Competition inquiry in e-commerce: brands welcome a fact-based report

September 2016 Competition inquiry in e-commerce: brands welcome a fact-based report

Today The European Commission published the interim report of its competition inquiry in the e-commerce sector. It aimed to gather data on the functioning of e-commerce markets to identify potentially unjustified restrictions of competition.

Competition rules are there to ensure a level playing field between the various e-commerce players for the ultimate benefit of the European consumer: brand owners should be able to ensure that their products are sold in a manner that reflects their brand quality and image and with an adequate level of customer service, while retailers should not face undue restrictions when selling products over the internet in Europe.

AIM welcomes Commissioner Vestager’s recognition that some restrictions can help to stop physical shops from disappearing and that limits on where products can be sold can help to keep up the exclusive image that people look for in certain brands.

Following the publication of the report, Alain Galaski, Director General of AIM, said: “The internet offers to brands fantastic opportunities to interact with consumers in novel ways, helping e-commerce in its rapid growth. And consumers have access today to more products and services in more channels and stores online and offline at more price points than ever before. The interim report of the Commission offers a good basis for further discussions on ways this new omni-channel world can deliver high consumer value.  Brands are a dynamic part of that debate and that market development.”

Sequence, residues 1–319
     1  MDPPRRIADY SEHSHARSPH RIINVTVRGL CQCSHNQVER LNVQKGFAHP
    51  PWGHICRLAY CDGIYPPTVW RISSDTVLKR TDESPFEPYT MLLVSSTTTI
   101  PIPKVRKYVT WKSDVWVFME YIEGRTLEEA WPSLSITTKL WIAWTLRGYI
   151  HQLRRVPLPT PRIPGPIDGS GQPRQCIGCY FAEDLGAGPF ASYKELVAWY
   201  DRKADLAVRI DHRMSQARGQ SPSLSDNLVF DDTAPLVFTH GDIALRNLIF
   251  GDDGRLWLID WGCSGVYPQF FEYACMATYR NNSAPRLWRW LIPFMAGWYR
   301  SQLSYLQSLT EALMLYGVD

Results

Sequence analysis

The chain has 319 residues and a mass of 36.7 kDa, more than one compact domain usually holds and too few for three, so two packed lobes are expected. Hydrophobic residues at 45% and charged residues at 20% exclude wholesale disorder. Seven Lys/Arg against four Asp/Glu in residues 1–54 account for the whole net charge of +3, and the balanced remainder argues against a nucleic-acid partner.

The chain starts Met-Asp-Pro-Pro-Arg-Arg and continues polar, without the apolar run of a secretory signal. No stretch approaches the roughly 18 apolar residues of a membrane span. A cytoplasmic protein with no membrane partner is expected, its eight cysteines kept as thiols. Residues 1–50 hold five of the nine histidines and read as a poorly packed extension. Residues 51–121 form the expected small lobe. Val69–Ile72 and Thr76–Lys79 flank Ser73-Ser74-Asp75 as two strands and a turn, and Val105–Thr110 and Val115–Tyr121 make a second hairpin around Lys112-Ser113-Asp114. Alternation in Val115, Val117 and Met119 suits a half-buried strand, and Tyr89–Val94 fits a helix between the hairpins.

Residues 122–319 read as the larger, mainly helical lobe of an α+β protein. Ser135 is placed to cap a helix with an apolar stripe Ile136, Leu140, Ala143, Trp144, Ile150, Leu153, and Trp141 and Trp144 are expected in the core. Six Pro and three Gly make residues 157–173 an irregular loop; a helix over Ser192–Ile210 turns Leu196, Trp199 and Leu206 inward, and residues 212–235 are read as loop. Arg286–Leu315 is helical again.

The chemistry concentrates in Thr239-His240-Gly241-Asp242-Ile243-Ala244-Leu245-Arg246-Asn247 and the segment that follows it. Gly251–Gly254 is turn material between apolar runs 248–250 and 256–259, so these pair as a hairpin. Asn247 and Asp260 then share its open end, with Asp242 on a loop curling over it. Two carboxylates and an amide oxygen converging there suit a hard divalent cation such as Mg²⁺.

In the consultation, brand manufacturers will welcome the clarifications brought by the inquiry on the key features of the market and their impact on distribution strategies:

  • Competition and prices: online and offline competition does not take place only on price. Product quality, brand image and novelty are important elements of competition between brands, which adopt a variety of business strategies to control the quality, values and image of their brands online as well as in stores.
  • Restrictions against free riding: the necessity for market players to mitigate the effects of free-riding and preserve the investments in pre-sale and post-sale services of consistent quality is the most important consideration explaining some of the restrictions.  
  • Distribution activities by manufacturers: The requirements of quality distribution in an omni-channel environment are also leading many manufacturers to open their own online shops or to turn increasingly to selective distribution networks in cooperation with independent retailers.

We take note of the assessment made by the European Commission of the compatibility of a number of brand distribution practices with competition rules and some restrictions which will be further investigated.  In the case of consumer goods these restrictions appear much less prevalent than alleged by some of the online traders. Brand strategies that don’t suit the business interests of one or the other large online platforms can be pro-competitive and pro-consumer.

Link to the preliminary report of the European Commission. 

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